Family of the victims filled the courtroom for Justice Mark Weinberg's ruling, which comes more than two years after the massacre.
"This was one of the worst examples of mass murder in Australian history," the judge said.
In one of the city's darkest days, Gargasoulas used a stolen car to mow down and kill six people in the busy Bourke St mall on January 20, 2017. His victims included three-month-old baby Zachary Bryant, who was thrown 60 metres from his pram, and 10-year-old girl Thalia Hakin.
Gargasoulas injured dozens of others, knocking them to the ground and into walls while driving in a drug-induced psychosis.
"The horror of what you did has profoundly impacted the lives of those who were present that day," Justice Weinberg said, noting in detail the events of the "terrifying rampage" which included caused death, broken bones, head injuries and other serious damage.
Grieving relatives recently told the court of their pain, with the brother of Japanese victim Yosuke Kanno saying he will "continue suffering from this until I die".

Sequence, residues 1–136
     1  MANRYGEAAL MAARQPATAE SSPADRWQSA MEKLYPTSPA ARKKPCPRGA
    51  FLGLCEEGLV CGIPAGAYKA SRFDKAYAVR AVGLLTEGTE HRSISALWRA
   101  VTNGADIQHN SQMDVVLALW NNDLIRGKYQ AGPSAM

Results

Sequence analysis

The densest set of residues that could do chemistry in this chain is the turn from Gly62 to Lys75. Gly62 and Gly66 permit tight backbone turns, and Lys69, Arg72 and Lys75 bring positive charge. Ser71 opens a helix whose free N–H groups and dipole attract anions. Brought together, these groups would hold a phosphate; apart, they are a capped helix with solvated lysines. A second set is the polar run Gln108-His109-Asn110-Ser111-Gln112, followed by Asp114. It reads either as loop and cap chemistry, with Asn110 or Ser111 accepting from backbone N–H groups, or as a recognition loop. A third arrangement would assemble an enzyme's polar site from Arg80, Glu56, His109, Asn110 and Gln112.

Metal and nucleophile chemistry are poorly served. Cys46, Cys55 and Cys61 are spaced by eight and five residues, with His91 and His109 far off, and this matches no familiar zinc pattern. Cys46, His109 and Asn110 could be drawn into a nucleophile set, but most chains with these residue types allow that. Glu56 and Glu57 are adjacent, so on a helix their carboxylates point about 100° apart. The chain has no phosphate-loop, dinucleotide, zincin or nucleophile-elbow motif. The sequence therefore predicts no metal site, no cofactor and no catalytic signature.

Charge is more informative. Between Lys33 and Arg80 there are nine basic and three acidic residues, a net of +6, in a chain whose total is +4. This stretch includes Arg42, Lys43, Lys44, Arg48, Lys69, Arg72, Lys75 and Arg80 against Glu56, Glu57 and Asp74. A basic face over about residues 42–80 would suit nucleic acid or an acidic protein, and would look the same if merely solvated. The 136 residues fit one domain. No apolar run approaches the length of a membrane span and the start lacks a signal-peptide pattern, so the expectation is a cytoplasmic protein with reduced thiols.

Robyn Davis, the mother of victim Jess Mudie, said her daughter died three weeks before her 23rd birthday.
"Never in my wildest nightmares did I think I would have to bury one of my precious children," she told a plea hearing in January.
In a letter read to the court, Gargasoulas insisted he was not evil and blamed "government oppression" for the murders.
He also maintained he was the Messiah and acted on the wishes of God on the day of the rampage, but said he was in a "bad headspace".
Gargasoulas pleaded not guilty to killing Zachary, Thalia, Ms Mudie, Mr Kanno, 25, Matthew Si, 33, and Bhavita Patel, 33.
But in November it took a jury less than an hour to unanimously find him guilty of the six murders and 27 counts of reckless conduct endangering life. An earlier jury found Gargasoulas, who suffers treatment-resistant paranoid schizophrenia, was fit to stand trial.